In multivariate regression analysis, the disc–fovea angle was associated with an inferior location of the widest gamma zone (P = 0.001) and with older age (P = 0.008), whereas, when added to the analysis, the parameters of gender (P = 0.37), region of habitation (P = 0.07), level of education (P = 0.25), axial length (P = 0.66), BMO diameter (P = 0.24), disc–fovea distance (P = 0.11), degree of fundus tessellation (P = 0.46), and subfoveal choroidal thickness (P = 0.25) were not significantly associated with the disc–fovea angle (Table 2). 
Table 2.
 
Multivariate Regression Analysis of the Disc Fovea Angle to Multiple Parameters
Table 2.
 
Multivariate Regression Analysis of the Disc Fovea Angle to Multiple Parameters
The fovea vertical distance (mean, 0.65 ± 0.33 mm; median, 0.61 mm; range, –0.20 to 1.67) was significantly longer (P = 0.001; i.e., fovea located more inferiorly) in eyes with the widest gamma zone inferiorly (0.73 ± 0.33 mm) than in eyes with a widest gamma zone temporally (0.58 ± 0.30 mm) and in eyes with a temporal, superior, or nasal gamma zone combined (0.58 ± 0.31 mm; P = 0.001) (Fig. 5). In multivariate regression analysis, the fovea vertical distance increased with a location of the widest gamma zone inferiorly (P = 0.001) and a wider width of the gamma zone (P = 0.01). In that model, the fovea vertical distance was not associated with age (P = 0.12), gender (P = 0.75), region of habitation (P = 0.29), level of education (P = 0.72), axial length (P = 0.96), BMO diameter (P = 0.51), disc–fovea distance (P = 0.62), degree of fundus tessellation (P = 0.32), or subfoveal choroidal thickness (P = 0.33) (Table 2). 
Figure 5.
 
Graph showing the distribution of the vertical distance of the fovea from a horizontal line drawn through the optic disc center and the quadrant with the widest parapapillary gamma zone width.
Figure 5.
 
Graph showing the distribution of the vertical distance of the fovea from a horizontal line drawn through the optic disc center and the quadrant with the widest parapapillary gamma zone width.
Discussion
In our study on eyes of healthy Chinese, the disc–fovea angle was significantly larger and the fovea vertical distance was significantly longer in eyes with the widest gamma zone in the inferior quadrant than in eyes with the widest gamma zone located in the temporal or superior quadrant. Correspondingly, the fovea vertical distance increased with a longer widest width of an inferior gamma zone and vice versa.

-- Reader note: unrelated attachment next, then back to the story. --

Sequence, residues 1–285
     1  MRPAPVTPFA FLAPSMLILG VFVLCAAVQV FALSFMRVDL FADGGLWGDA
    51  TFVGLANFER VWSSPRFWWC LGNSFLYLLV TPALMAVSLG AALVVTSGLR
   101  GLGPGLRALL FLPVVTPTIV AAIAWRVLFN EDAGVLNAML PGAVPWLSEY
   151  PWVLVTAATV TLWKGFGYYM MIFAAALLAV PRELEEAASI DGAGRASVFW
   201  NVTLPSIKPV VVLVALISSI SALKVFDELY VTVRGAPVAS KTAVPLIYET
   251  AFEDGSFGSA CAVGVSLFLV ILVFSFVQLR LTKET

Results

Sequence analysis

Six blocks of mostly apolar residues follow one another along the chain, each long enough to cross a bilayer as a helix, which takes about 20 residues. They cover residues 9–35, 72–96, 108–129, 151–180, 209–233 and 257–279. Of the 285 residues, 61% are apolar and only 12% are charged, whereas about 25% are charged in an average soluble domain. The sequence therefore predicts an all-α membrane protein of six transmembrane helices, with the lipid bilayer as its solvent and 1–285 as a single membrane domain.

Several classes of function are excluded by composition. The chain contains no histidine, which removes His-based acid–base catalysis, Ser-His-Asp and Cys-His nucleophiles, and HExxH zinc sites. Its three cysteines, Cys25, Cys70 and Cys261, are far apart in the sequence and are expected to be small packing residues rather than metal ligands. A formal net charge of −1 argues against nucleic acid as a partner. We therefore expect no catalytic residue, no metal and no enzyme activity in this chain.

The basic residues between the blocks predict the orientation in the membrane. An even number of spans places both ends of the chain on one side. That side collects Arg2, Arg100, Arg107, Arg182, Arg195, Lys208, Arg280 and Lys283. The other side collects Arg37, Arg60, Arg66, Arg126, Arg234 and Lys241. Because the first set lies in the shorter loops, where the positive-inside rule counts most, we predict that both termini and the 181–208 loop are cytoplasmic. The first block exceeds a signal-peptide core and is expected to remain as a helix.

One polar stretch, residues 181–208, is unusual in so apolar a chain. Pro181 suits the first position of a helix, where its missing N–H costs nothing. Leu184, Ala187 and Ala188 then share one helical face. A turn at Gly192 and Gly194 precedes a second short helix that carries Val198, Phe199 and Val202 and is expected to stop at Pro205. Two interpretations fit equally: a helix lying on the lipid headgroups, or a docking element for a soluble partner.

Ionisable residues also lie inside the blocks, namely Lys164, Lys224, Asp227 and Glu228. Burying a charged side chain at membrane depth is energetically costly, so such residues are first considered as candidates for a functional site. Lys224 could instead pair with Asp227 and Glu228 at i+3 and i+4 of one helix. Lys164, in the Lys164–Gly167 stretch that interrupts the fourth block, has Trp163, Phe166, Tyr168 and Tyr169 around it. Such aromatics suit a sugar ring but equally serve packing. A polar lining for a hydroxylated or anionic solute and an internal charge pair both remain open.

These findings agree with observations made in previous investigations, in which the disc–fovea distance increased with longer axial length parallel to the development and enlargement of a temporal gamma zone.6 In contrast, the length of the macular BM, defined as the distance between the fovea and the border of BM at the peripheral edge of the temporal gamma zone, did not change.6 Although in the previous study the horizontal fovea location defined as the distance from the optic disc was associated with a temporal gamma zone, the present investigation showed a spatial association between the vertical fovea location, defined as the distance of the fovea from the optic disc horizontal, and an inferior gamma zone. These finding support the hypothesis that BM moves backward during the process of axial elongation and myopization, leading to a backward shift of the BMO, usually in direction of the fovea (with subsequent development of a temporal gamma zone and secondary elongation of the disc–fovea distance). In some eyes, the BM shift may be directed more into the inferior–temporal direction, leading to a mainly inferior gamma zone and an inferior location of the fovea (Figs. 13). This notion is supported by the finding that the distance between the temporal superior vascular arcade and the temporal inferior vascular arcade does not change in axial elongation if eyes with macular BM defects are excluded.7,8 This notion is also supported by the observation that the posterior choroid becomes thinner (more compressed) with more marked longer axial elongation.21 The mechanism of a backward shift of BM could be explained by the assumption that the axial elongation occurs due to enlargement of BM in the equatorial region. By such a mechanism, the eye would predominantly become longer and would enlarge only to a minor degree in the coronal diameters. During myopization, the globe does, indeed, change its shape from a mostly spherical configuration to a prolate shape or to a tube-like shape with two half-spheres at both of its ends.8,22,23 This observation fits with histomorphometric findings that, in the equatorial region, retinal thickness and the density of the retinal pigment epithelium (RPE) cells decrease with longer axial length, whereas at the posterior pole retinal thickness, RPE density and choriocapillaris thickness are mostly independent of axial length.2426 The notion of BM having biomechanical importance in the process of axial elongation is supported by the observation that the stiffness of BM is comparable to or higher than the stiffness of other ocular tissues and that BM can sustain a relatively high pressure before rupture.27